Chasing The Pump (Check Your Pre-Workout)

We ALL love that feeling, the PUMP. If you don’t know what I’m talking about, your training is most likely sub par. Anyway, the pump is that feeling you get when it feels like the muscle your training is about to burst through the skin. Remember Arnold’s famous quote? If you don’t, stop reading this and go watch “Pumping Iron.” Arnold stated, “The greatest feeling you can get in a gym, or the most satisfying feeling you can get in the gym is… The Pump. Let’s say you train your biceps. Blood is rushing into your muscles and that’s what we call The Pump. You muscles get a really tight feeling, like your skin is going to explode any minute, and it’s really tight – it’s like somebody blowing air into it, into your muscle. It just blows up, and it feels really different. It feels fantastic.” Funny, yet true. The pump is probably the best feeling you get in the gym next to a PR (personal record) but I would argue that is more mental than physiological.

A solid pre workout formula can aid you in achieving that lovely pump, which quite honestly is the main reason I supplement with a pre-workout. Granted, the research is there to demonstrate that ingredients making up most of the pre-workout blends on the shelf have proven benefits on strength, endurance, and hypertrophy, I enjoy feeling and seeing it goto work even if that pump fades two-hours later(there’s my bro-esque line of the blog) Before we dig any deeper I am going to be completely honest with you, as all of my articles will be, NO ONE ever got huge off of a pre-workout supplement. So don’t ask if this one works or that one works. I am not going to sell you snake oil, because quite frankly, I’m not getting paid for pushing supplements, rather giving you the knowledge to make the correct choice for your needs. You need to evaluate the ingredients and determine if it contains the ingredients I will talk about below at the the recommended dosage. Sure, you can have all the right ingredients, but if it is not dosed properly, you’re probably not going to see a benefit. This can be difficult as most companies use a proprietary blend to avoid giving out their formula, since this is the case I recommend sticking with a reputable company that has been in the game and proven to produce a quality product time and time again. Beyond the ingredients you have to test what works for you. Many friends of mine have raved about a particular brand but when I tried it I thought it was a dud. Similar to diet, diff’rent strokes for diff’rent folks. Again, I’ve never heard of anyone getting huge off of a pre-workout, but I have witnessed many grueling workouts get completed that may not have without the extra boost and ergogenic aid provided by the mythical pre-workout solution. Below I will briefly run through some key ingredients that should be part of your pre-workout and one surprise powerhouse that you may wish to avoid. Later this week I will be reviewing Animal RAGE and demonstrating it’s mixability, taste, as well as go through a training session that I will post for you to give a try.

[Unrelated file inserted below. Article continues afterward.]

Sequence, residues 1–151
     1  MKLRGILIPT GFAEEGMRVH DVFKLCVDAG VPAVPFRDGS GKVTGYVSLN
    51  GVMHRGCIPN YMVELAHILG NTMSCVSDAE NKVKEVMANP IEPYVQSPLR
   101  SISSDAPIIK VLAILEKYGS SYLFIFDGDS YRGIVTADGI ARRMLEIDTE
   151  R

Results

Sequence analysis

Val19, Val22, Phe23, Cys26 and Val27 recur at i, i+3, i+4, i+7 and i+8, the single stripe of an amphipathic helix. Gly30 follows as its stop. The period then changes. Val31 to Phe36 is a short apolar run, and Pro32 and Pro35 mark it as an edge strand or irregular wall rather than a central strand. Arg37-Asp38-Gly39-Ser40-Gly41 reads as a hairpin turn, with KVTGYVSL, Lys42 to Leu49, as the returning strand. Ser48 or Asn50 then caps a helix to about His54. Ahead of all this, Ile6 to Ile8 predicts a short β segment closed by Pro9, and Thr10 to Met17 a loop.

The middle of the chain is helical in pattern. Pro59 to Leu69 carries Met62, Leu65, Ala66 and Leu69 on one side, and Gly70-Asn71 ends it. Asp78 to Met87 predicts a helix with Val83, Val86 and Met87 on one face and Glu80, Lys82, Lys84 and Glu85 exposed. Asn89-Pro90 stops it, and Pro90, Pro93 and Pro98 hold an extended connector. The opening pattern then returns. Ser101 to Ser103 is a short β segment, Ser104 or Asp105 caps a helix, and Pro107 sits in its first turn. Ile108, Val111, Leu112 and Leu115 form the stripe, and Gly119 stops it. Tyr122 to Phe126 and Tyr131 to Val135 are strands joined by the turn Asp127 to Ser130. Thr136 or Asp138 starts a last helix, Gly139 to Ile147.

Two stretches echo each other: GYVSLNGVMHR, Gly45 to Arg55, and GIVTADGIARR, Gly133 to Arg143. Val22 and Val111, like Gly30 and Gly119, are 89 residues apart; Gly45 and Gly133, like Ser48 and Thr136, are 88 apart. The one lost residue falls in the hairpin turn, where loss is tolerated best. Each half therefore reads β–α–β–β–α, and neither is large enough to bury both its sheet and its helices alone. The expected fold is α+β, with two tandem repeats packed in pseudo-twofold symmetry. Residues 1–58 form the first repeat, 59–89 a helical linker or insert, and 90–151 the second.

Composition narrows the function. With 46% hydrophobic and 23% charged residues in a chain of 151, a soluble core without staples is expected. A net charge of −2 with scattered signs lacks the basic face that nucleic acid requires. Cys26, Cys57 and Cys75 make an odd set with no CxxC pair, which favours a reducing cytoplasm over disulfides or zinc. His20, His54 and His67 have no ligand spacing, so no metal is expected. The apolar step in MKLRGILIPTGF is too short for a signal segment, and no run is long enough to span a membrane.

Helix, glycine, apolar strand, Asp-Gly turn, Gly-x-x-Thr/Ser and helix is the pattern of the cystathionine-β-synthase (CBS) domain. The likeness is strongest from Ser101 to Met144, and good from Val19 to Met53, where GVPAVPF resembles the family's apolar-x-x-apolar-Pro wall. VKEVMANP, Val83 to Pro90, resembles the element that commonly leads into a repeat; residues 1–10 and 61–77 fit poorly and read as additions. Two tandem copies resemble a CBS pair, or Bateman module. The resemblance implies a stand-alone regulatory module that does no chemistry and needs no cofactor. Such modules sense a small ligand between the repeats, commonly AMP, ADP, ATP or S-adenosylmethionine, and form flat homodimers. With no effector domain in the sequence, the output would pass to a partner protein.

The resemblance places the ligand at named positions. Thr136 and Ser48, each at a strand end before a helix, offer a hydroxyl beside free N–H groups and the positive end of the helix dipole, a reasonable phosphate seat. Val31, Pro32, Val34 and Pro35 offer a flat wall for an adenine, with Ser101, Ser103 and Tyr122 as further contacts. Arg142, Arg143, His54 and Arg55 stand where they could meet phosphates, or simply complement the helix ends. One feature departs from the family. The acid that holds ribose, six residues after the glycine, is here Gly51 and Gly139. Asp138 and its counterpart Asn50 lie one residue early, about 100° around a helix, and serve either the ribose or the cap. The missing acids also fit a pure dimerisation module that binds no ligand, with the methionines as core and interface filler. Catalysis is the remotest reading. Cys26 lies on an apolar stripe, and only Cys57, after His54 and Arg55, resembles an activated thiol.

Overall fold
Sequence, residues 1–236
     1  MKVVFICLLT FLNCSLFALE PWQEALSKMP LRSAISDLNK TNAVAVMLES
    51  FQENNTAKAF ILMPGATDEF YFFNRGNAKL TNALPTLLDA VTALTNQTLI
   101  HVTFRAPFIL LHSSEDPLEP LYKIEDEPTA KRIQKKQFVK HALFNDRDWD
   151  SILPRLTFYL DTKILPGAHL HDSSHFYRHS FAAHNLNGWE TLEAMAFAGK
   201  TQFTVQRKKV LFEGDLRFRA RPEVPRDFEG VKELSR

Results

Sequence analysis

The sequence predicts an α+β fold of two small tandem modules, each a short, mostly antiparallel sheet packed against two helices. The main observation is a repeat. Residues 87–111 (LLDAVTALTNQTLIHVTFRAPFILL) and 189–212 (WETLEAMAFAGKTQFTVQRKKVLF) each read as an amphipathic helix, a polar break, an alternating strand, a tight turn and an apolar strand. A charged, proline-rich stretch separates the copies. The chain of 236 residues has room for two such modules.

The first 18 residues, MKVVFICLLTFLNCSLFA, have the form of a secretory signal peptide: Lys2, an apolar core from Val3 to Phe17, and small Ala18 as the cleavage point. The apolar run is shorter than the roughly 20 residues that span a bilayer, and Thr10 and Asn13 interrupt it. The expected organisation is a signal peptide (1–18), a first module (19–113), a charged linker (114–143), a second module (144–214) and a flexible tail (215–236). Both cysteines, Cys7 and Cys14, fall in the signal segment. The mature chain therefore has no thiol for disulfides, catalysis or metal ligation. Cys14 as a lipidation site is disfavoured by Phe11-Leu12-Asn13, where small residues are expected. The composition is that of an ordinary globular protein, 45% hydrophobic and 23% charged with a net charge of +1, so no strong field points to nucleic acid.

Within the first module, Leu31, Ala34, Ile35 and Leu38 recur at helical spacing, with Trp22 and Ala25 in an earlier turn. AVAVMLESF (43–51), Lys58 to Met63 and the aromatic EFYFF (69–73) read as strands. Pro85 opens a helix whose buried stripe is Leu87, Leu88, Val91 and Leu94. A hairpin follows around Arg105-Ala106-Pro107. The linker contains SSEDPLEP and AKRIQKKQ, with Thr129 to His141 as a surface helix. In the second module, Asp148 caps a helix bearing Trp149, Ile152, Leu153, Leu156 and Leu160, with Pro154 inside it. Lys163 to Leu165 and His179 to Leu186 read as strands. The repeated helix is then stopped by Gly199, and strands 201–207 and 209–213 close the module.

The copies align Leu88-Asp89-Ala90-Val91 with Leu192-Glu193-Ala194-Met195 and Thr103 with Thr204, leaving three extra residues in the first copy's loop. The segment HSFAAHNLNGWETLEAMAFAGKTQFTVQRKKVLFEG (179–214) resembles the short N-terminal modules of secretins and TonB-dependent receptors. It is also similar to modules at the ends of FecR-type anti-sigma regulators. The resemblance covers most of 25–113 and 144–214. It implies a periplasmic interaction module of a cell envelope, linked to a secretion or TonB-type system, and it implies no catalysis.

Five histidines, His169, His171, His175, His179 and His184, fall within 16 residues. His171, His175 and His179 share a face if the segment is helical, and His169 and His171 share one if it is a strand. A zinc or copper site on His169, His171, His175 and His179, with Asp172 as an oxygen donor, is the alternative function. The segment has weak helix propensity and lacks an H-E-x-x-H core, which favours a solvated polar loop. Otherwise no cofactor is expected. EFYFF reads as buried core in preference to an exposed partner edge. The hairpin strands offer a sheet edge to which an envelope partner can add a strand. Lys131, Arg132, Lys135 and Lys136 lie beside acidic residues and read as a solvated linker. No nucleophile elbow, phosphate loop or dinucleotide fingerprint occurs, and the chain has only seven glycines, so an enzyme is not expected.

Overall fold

Proven ingredients have been scientifically shown to improve performance in endurance and strength as well as gains in muscle mass. Caffeine and Creatine are undoubtably ergogenic aids. Both of these have been studied more than anything else and as long as the subjects were given the proper dose both have come out on top time and time again. As for creatine (monohydrate) a 20g loading phase for 1 week followed by 5-10g per day is recommended.This dosage has been shown to increase size and strength in multiple studies, just goto www.pubmed.com and search creatine and hypertrophy and you will find thousands of results for research studies.

Caffeine is really individualized in the amount an individual can handle. Some do not do well with stimulants and require a caffeine free pre-workout, others, like myself, have a high tolerance and can handle upwards of 600-800mG (about 4-5 Tall Starbucks coffees). Caffeine has shown to be beneficial at different dosages and is generally studied by weight of the subject. A 2008 study demonstrated participants to lift significantly more repetitions on the bench press as opposed to those consuming a placebo. The dosage provided in this study was 5mG/kG body weight, which would be the equivalent of 500mG for a 200 pound individual. Assess your tolerance and see what you can handle.